He set up a scheme with former tennis ace David Lloyd to sponsor a series of school boys, under which 11 boys a year would have their fees at Reeds School in Surrey paid for by Mr Slater. Each day the boys would travel to Mr Lloyd's tennis centre nearby and be coached on an individual basis.
Tim Henman was one of the early beneficiaries. Mr Slater says he startered similar sponsorships for British chess players. "We used to have no grand masters, now we have 20." Is he planning to help any other sports? "I might do - I'll have to see which ones are limping."
Picture the scene: The board of Contessa, the lady's underwear retailer owned by Facia, is in the process of being sold by Facia's receivers to Chancerealm, the vehicle that bought Rymans from the receivers of Pentos.
Dick Towner, a distinguished company lawyer who has recently retired as senior partner of City solicitors Richards Butler, is amongst those at the meeting to seal the deal. As the grey-haired Mr Towner, a non- executive director of Chancerealm, raises a query about a clause in the contract, a young lawyer from Nabarro Nathanson who quite clearly doesn't know him, turns to him and says: "Now look, you don't worry. That's why you've hired lawyers - to think about things like that."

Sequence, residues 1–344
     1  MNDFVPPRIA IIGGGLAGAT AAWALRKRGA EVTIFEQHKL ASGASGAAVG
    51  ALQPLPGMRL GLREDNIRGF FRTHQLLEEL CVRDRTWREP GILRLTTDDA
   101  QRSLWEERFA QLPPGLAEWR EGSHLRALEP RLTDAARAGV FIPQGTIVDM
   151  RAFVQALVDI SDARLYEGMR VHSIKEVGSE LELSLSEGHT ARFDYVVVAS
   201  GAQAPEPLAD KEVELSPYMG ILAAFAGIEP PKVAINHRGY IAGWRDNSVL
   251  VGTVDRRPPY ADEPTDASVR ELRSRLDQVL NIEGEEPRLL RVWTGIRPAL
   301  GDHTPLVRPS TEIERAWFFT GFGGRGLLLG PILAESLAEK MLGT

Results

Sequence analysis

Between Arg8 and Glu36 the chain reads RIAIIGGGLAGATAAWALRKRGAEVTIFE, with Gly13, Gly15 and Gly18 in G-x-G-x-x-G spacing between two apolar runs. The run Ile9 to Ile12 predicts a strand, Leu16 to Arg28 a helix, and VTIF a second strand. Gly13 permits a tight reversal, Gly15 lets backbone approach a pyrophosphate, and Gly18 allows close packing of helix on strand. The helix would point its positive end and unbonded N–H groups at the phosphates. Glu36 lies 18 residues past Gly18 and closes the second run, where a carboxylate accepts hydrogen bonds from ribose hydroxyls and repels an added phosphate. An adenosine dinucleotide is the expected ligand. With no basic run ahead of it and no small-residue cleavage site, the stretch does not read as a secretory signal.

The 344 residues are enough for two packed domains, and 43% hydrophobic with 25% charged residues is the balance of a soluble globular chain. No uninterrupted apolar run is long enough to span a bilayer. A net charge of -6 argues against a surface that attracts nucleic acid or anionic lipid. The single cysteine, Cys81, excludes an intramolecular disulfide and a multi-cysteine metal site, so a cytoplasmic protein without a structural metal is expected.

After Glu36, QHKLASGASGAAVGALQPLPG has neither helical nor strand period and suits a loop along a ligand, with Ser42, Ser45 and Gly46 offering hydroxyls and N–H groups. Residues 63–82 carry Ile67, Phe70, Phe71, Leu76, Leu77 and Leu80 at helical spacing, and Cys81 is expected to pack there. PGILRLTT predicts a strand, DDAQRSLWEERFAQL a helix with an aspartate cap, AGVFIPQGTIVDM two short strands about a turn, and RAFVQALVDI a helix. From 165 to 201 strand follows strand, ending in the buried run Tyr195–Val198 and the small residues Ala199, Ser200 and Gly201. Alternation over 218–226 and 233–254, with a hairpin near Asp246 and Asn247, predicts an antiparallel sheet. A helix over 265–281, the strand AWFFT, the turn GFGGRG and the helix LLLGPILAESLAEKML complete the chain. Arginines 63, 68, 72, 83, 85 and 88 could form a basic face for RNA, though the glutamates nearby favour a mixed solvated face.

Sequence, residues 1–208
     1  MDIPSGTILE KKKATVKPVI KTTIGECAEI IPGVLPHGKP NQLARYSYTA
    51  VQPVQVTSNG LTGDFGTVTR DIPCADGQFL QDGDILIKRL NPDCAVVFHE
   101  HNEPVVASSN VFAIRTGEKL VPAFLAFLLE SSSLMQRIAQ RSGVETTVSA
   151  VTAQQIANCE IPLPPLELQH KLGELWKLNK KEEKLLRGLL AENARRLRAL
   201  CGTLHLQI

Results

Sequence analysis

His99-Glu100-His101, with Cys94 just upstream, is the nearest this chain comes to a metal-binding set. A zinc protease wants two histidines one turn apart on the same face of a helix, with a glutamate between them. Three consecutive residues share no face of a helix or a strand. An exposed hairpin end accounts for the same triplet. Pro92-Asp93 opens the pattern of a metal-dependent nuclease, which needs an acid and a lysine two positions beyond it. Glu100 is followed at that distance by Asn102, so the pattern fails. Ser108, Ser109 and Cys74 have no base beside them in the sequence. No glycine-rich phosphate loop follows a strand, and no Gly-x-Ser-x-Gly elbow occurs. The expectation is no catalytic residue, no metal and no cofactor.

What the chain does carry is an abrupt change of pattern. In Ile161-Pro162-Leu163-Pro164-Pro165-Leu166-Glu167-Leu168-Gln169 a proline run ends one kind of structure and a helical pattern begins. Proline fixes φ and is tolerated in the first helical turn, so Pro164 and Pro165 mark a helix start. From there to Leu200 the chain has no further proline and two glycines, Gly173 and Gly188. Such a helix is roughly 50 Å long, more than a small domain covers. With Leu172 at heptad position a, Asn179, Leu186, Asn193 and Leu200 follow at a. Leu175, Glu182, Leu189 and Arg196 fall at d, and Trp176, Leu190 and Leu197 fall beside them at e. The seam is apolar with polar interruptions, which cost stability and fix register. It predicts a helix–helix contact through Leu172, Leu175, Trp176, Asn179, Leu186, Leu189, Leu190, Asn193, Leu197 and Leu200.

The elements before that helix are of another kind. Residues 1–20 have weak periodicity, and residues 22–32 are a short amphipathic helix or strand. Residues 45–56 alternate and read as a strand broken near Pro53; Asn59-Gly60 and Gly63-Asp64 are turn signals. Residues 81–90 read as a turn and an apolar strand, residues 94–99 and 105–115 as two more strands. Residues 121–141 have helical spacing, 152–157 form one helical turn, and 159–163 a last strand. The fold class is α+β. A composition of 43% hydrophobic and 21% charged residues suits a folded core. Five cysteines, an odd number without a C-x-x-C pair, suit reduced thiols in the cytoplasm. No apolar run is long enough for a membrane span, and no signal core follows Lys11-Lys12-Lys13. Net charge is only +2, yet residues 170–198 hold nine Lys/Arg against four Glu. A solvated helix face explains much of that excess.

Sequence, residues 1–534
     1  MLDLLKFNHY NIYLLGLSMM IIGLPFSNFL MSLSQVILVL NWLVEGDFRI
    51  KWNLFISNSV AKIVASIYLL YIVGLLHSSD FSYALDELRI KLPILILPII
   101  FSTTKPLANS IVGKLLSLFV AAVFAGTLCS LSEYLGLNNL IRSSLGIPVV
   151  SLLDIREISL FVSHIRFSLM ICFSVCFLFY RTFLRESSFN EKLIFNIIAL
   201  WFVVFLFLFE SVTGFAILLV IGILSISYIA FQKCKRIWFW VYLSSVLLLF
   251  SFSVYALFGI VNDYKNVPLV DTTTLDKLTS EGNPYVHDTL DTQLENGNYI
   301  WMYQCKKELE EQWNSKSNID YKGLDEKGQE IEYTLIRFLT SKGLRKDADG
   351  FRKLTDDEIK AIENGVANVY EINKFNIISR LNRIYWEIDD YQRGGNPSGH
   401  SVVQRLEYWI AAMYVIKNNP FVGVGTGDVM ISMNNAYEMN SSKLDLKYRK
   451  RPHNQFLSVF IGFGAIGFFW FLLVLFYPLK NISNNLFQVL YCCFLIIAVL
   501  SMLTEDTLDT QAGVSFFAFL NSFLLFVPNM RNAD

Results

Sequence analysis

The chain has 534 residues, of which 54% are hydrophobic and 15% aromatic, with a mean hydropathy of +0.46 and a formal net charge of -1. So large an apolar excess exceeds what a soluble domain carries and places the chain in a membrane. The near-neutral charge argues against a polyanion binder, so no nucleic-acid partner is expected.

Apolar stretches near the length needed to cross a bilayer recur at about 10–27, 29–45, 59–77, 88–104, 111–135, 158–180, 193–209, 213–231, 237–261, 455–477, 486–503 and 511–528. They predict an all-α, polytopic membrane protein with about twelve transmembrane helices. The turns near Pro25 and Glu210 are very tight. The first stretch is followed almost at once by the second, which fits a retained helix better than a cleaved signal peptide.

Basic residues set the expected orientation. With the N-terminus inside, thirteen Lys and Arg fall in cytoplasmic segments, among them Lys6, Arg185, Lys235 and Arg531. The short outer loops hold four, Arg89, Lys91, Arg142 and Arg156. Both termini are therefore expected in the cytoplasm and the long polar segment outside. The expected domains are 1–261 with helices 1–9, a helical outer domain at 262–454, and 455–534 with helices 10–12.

Mr Towner, no doubt reflecting on his lengthy career in the law, including over 20 years with Richards Butler, blinks but says nothing. Needless to say, after the meeting, the young lawyer was suitably mortified on being told of her gaucherie.
For the last ten years Tim Hayward, a mild mannered, affable chap, has been able to inspire terror in even the most hardened businessman - just by walking through the door. He has been head of the receivership department at big six accountancy firm KPMG.
Now someone else is taking up the reins - but new head of UK Corporate Recovery Mike Wheeler will not be marching into any businesses to close them down.
Mr Wheeler isn't even a licensed insolvency practitioner. It turns out that the big accountancy firms now make far more money quietly sorting out banks' problems with client companies behind the scenes than they ever did burying businesses.
Mr Wheeler has been seconded to Midland Bank and worked for Bank of America, and his most testing job so far has been trying to bring some sense of order to debt-laden EuroDisney's 200-odd banks. Definitely not a Mickey Mouse job.
If you hanker impatiently after a key to the executive wash-room, pay close attention. John Sunderland, newly promoted to succeed David Wellings as chief executive at Cadbury Schweppes, has always been ambitious. He has also always taken great care of his appearance. He used to sport a snappy "Alan Sugar" style closely cropped beard, along with immaculately coiffured hair. Then a couple of years ago a colleague took Mr Sunderland aside and dropped a bombshell: "You'll never get to be chief executive with a beard." Off came the beard and - hey presto!